California employment law is notoriously volatile. The ever-changing landscape – especially as related to Labor Code violations and cases brought under California’s wide-ranging Private Attorneys General Act (“PAGA”), which authorizes representative actions for Labor Code violations – can make it challenging for employers to find certainty in how they plan for potential claims and address actual cases.
One way that employers had previously been finding closure in wide-ranging PAGA actions was by settling a plaintiff’s individual claims, and then seeking dismissal of any remaining PAGA claim(s) based on the plaintiff’s lack of standing to proceed. That creative solution is no longer viable in light of the California Supreme Court’s March 12, 2020 decision in the closely-watched case, Kim v. Reins International California, Inc.
As we blogged about previously here, back in 2018 the Court of Appeal in Kim v. Reins International California, Inc. ruled that once a PAGA plaintiff settles his individual claims, he loses standing to bring a representative PAGA action. Thus, following this Court of Appeal decision, employers could get rid of a PAGA lawsuit by trying to settle the underling non-PAGA claims with the plaintiff. If a settlement was reached, then once the plaintiff dismissed his claims the employer would file a motion to dismiss the PAGA claims and end the litigation.
All that changed recently when the California Supreme Court overturned the Court of Appeal’s decision and held that dismissing individual claims does not eliminate a plaintiff’s standing to proceed with his/her representative PAGA claims.
In its decision, the California Supreme Court carefully analyzed the language of the PAGA statute and emphasized that the statute defines standing in terms of violations – not injuries – and thus rejected the employer’s argument that standing somehow “disappears” once a plaintiff has been compensated for his own claims.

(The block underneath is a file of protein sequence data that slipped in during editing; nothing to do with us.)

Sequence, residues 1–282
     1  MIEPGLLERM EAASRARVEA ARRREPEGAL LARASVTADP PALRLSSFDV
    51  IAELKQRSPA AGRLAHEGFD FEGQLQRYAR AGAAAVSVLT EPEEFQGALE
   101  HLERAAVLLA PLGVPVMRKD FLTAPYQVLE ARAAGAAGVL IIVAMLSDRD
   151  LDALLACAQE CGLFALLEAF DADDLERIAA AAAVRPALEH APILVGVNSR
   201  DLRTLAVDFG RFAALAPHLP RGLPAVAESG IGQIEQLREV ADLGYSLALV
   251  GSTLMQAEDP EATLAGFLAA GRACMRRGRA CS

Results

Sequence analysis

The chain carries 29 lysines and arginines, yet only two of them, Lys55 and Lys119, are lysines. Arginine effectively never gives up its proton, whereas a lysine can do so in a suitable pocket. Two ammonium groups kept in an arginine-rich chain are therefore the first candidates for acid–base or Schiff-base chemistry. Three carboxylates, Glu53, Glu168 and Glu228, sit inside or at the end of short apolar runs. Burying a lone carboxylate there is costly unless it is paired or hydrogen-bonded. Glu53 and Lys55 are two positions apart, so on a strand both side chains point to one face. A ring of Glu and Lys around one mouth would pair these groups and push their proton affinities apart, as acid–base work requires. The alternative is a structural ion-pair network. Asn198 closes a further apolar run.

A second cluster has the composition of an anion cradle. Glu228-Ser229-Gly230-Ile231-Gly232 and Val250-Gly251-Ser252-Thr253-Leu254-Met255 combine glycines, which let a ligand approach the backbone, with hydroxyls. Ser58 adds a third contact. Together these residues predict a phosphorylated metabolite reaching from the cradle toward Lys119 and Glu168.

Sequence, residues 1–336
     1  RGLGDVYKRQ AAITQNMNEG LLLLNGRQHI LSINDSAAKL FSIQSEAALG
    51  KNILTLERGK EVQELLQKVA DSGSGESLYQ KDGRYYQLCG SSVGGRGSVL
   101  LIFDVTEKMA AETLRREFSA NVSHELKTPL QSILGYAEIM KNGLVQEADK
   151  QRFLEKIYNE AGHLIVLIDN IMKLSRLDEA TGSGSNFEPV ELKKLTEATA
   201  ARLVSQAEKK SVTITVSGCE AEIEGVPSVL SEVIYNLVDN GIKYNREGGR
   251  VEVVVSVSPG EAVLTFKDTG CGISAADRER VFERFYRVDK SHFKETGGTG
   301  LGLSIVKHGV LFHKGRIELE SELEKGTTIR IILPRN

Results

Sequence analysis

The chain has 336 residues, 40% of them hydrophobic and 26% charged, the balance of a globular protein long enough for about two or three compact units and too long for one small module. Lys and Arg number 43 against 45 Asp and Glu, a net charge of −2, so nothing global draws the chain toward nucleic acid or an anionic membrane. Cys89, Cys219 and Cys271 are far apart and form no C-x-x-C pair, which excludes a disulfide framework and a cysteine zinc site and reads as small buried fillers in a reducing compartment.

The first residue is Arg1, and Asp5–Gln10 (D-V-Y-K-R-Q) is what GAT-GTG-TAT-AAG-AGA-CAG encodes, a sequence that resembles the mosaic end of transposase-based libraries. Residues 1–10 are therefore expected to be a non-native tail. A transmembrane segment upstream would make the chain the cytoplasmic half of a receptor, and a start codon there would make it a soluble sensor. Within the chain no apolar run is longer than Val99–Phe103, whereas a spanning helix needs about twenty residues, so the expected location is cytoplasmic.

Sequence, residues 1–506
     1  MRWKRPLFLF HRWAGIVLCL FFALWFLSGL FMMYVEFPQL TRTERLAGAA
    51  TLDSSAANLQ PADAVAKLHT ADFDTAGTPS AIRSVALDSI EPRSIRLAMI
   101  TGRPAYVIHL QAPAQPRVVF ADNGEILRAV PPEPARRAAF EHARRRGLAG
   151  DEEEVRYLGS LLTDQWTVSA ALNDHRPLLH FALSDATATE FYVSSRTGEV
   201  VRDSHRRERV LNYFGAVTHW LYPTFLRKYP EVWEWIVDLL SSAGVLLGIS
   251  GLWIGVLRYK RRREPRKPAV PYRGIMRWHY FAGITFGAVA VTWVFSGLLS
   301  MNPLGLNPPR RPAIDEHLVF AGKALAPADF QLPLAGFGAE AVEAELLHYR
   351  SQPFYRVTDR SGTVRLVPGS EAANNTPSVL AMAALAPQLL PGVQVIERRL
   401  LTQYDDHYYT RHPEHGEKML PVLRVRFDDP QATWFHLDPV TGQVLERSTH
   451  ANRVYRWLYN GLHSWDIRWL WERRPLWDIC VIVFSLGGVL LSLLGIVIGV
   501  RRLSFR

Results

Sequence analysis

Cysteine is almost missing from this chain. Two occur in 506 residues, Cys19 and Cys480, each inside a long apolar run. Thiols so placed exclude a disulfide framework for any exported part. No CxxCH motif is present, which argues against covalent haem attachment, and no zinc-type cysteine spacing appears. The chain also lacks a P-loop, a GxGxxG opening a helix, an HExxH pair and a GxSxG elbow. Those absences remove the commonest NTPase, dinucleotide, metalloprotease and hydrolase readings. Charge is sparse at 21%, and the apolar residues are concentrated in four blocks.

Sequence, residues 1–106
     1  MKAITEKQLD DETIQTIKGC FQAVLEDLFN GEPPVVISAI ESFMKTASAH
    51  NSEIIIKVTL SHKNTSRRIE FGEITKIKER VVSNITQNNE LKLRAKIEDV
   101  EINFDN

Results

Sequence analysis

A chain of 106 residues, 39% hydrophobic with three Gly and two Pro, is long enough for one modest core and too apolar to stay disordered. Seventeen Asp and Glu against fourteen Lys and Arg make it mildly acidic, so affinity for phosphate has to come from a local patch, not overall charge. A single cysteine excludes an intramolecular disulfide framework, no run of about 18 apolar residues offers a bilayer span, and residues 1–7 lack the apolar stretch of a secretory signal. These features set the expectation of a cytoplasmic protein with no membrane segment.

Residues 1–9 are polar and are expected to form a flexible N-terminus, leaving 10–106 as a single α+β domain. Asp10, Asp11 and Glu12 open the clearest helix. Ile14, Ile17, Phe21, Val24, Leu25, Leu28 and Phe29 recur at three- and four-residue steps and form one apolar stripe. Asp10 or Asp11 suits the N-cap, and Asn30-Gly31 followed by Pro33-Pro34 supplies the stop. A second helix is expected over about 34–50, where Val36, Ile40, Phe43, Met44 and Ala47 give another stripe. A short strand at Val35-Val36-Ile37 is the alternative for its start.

The Court then noted that, if it adopted the employer’s “injury-based” view of standing, many employees would be barred from prosecuting PAGA claims, which would run counter to the statute’s goal of ensuring effective Labor Code enforcement by creating the vehicle of representative PAGA actions.
What does the California Supreme Court’s decision in Kim v. Reins International California, Inc. mean for employers facing PAGA cases pending now (or who will in the future)? It means that employers can no longer “wipe away” those PAGA claims simply by settling the individual claims with the PAGA plaintiff. Instead, employers will have to settle the entire matter – both the plaintiff’s individual claims and his or her representative PAGA claims – in order to make the dispute go away. And that means the employer will need to get approval of the PAGA portion of the settlement, because all PAGA settlements need Court approval. This approval process means more legal fees and more delays before the case formally goes away.
You can read the entire California Supreme Court’s decision here.